With Filbert Bartoli, a professor of electrical and computer engineering, she’s developing optical sensors that can monitor immune function, and with Frank Zhang, an associate professor of bioengineering and mechanical engineering and mechanics, sensors that can detect and rectify mechanical stress within the body. 

Cheng also mentors a student-led project that is developing point-of-care diagnostics for sickle cell disease and anemia to be used specifically in Sierra Leone. The project is part of the Global Social Impact Fellowship, a program for undergraduate and graduate students from all disciplines across the university that integrates experiential learning, research, and entrepreneurial engagement.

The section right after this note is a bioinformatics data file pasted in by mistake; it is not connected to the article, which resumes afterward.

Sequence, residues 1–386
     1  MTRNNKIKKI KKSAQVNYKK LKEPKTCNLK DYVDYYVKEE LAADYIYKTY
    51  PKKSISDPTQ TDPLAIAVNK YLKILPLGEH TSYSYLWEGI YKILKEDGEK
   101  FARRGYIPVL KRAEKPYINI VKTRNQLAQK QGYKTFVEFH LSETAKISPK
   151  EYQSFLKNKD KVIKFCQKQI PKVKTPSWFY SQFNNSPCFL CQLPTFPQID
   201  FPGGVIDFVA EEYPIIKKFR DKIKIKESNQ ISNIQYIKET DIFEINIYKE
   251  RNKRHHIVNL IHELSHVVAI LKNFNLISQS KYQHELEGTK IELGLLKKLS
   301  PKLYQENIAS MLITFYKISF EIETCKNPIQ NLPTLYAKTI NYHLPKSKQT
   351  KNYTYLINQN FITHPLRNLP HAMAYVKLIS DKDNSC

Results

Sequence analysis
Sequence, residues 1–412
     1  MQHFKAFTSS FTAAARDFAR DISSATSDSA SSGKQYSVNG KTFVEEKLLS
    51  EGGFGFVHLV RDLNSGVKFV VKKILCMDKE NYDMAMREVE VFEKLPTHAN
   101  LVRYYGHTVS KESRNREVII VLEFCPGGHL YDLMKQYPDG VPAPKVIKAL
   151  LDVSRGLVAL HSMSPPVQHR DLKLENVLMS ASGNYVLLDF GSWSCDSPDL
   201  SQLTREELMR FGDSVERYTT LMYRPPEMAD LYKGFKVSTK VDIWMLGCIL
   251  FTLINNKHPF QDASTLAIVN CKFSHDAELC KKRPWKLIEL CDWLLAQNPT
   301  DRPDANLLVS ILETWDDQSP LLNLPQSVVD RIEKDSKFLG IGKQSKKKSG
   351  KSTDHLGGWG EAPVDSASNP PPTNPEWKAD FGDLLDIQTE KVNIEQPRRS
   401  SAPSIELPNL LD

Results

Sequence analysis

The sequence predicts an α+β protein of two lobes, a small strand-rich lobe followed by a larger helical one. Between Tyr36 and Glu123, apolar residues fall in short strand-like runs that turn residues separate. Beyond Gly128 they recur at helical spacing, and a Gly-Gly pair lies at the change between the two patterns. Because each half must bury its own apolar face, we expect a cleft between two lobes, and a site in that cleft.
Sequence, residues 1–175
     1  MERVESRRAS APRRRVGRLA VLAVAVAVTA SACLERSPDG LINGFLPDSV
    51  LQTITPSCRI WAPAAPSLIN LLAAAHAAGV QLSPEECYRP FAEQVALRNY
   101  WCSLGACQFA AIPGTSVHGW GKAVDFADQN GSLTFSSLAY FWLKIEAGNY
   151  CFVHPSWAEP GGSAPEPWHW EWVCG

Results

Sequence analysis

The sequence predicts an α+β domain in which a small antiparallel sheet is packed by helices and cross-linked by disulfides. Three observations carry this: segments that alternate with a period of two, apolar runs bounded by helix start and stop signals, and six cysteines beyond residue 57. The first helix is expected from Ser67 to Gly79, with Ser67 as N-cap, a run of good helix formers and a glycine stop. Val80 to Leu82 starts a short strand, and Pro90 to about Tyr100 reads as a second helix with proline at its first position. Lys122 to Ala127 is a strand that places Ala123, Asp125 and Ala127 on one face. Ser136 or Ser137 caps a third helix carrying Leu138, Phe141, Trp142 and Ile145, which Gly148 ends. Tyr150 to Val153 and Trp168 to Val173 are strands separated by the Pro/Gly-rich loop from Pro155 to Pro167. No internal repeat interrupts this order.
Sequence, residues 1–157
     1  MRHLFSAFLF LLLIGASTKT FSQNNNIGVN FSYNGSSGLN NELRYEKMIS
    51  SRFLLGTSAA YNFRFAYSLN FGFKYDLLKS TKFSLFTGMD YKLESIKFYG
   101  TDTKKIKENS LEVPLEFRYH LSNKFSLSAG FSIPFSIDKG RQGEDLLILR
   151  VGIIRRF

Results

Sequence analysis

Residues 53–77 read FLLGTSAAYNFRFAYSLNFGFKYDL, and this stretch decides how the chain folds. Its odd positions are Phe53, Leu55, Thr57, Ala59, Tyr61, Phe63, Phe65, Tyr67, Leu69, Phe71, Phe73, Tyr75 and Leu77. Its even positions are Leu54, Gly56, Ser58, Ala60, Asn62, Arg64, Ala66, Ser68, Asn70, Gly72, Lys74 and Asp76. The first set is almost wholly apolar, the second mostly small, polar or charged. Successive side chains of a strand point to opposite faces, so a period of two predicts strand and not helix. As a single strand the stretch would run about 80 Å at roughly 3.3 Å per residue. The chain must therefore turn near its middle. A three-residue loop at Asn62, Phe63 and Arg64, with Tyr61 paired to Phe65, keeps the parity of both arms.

“There are just so many components involved in health-related problems, that I think it’s natural to have these interdisciplinary connections,” she says.  

Such a collaborative ethos will no doubt characterize the College of Health. To dovetail with the college’s focus on population health, Cheng says the Department of Bioengineering will launch a biocomputation program this fall. (See “A Major Development.") 

“Studying population health means collecting data on a large scale, which requires developing hardware and training students in biocomputational skills,” says Cheng. “This program will teach them health data analytics and how to analyze biophysical data. So the overlap between the new program and the new college is significant.” 

 

Breaking boundaries